If not for the winner, this bout would have been an easy choice as 2016 FOTY. British heavyweights Whyte and Chisora set up the fight with epic trash talk including a physical altercation involving a flipped table at the final pre-fight news conference. It is rare the actual fight lives up to this sort of verbal sparring, but this pair lived up to their own hype. (The rest of you, don’t try this at home).

There was little finesse involved in this fight. These big men fought like nimble middleweights. Both men brought their heavy artillery, fired and reloaded round after round. Chisora grabbed the early momentum, burning so much energy it seemed sure the veteran would gas himself out. Chisora had Whyte in trouble in the third round. But Whyte had youth and stamina on his side. He withstood the early onslaught and began to pour on the offensive himself. Whyte and Chisora exchanged some of their best punches in the fifth round, but it didn’t end there.

With the exception of a moment when Chisora seemed to slip and verge on dropping to the canvas, the two managed to take every bit of punishment while dishing out an equal amount. Both mixed up punches to the head and body nicely and both had sensational moments.

With a minute to go, it wasn’t a given either man would get to the final bell, but what a shame it would have been to get to this point of a wildly entertaining fight and not give both men the privilege of ending the fight on their feet. The scorecards were as narrow as it gets. Whyte won a majority decision with scores of 115-113 and 114-113, with the third judge scoring it for Chisora, 115-113. Rematch please!

Fight of the Year 2016: Francisco Vargas vs. Orlando Salido, June 3, 2016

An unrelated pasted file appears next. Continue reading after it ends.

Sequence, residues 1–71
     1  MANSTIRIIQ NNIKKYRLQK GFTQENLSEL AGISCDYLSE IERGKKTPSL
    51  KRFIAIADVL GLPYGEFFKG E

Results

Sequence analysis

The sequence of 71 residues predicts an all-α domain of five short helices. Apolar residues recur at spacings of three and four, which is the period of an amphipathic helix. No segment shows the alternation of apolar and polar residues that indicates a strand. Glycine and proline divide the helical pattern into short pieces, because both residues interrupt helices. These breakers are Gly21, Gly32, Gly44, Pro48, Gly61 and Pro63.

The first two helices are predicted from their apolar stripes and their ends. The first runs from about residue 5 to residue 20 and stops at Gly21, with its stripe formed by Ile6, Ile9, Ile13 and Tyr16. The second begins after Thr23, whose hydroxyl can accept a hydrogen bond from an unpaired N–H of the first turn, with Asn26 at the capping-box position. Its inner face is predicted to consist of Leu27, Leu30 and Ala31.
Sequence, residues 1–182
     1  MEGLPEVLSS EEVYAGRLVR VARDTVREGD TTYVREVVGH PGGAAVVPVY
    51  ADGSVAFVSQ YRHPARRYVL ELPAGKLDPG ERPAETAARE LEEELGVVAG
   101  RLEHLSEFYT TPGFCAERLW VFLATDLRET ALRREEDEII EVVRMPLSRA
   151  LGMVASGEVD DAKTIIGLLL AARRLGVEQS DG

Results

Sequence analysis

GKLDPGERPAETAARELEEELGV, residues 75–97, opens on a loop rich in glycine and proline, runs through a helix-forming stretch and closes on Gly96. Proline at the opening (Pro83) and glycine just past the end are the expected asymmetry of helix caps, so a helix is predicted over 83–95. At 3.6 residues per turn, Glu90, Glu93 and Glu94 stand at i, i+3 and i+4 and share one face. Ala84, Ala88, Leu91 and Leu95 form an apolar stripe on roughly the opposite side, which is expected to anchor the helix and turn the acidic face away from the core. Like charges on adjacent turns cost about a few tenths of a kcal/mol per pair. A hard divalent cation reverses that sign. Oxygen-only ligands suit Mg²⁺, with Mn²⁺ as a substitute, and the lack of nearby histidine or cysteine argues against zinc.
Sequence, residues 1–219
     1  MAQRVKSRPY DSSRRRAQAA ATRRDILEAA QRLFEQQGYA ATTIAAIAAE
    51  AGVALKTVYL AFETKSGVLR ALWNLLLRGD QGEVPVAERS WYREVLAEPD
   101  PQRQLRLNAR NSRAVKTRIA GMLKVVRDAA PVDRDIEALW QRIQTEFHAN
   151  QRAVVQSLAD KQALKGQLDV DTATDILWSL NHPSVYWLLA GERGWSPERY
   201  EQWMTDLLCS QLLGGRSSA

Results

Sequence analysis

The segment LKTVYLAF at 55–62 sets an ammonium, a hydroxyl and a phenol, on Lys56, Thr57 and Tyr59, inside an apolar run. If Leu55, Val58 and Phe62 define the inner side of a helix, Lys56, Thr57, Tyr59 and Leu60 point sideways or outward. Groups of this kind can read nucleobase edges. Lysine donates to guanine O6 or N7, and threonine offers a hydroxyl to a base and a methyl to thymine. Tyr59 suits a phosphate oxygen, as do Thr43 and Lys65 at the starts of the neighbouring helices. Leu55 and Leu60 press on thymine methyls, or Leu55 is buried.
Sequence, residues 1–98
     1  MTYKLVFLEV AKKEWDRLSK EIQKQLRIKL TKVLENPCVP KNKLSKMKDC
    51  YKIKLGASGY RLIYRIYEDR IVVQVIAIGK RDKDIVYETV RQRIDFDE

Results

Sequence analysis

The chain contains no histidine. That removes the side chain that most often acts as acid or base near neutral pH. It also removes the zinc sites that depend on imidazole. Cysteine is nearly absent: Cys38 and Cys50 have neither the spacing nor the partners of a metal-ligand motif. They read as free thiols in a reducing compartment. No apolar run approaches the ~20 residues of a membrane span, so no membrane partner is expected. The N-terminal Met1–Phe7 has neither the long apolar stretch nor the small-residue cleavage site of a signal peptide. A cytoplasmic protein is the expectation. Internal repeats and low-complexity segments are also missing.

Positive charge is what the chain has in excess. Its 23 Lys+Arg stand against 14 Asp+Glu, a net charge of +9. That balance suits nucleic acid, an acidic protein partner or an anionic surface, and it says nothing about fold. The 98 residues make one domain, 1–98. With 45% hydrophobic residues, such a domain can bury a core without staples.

As with last year, there is consensus on the Fight of the Year choice. Super featherweights Francisco “El Bandito” Vargas and Orlando “Siri” Salido of Mexico made it a slam dunk choice.

It is the second year running for Vargas, who was also in the consensus Fight of the Year in 2015 against Takashi Miura of Japan. It is also the third year out of five the Fight of the Year on a majority of lists took place at the StubHub Center in Carson, California.

Pull every adjective you can out of your thesaurus for this contest. Hellacious. Blistering. Fierce. Crazy. Amazing. They barely do this bout justice. Salido (42-13-4, 29 KOs) and Vargas (24-0-2, 17 KOs) seemed to be on the verge of being stopped multiple times each, yet neither ever suffered a knockdown despite trading wicked body shots and head snapping hooks and upper cuts.

Vargas landed 386 of 1184 total punches (32.6%), Salido 328 of 939 punches (34.9%). The pair landed 615 power punches out of 714 combines total punches. Salido threw only 12 jabs the entire fight.

On an evening that began with a touching final ten-count tribute to the late Muhammad Ali who died 24 hours prior to this bout, the fight seemed a fitting expression of the beauty and brutality of boxing. The combination of the bravery and strength on display with the emotion and elation of the crowd under the summer Southern California sky put it all into focus. Even in June, fans knew it couldn’t be topped.

Gayle Lynn Falkenthal, APR, is President/Owner of the Falcon Valley Group in San Diego, California. She is also a serious boxing fan covering the Sweet Science for Communities. Read more Ringside Seat in Communities Digital News. Follow Gayle on Facebook and on Twitter @PRProSanDiego.

Please credit “Gayle Falkenthal for Communities Digital News” when quoting from or linking to this story.

Copyright © 2016 by Falcon Valley Group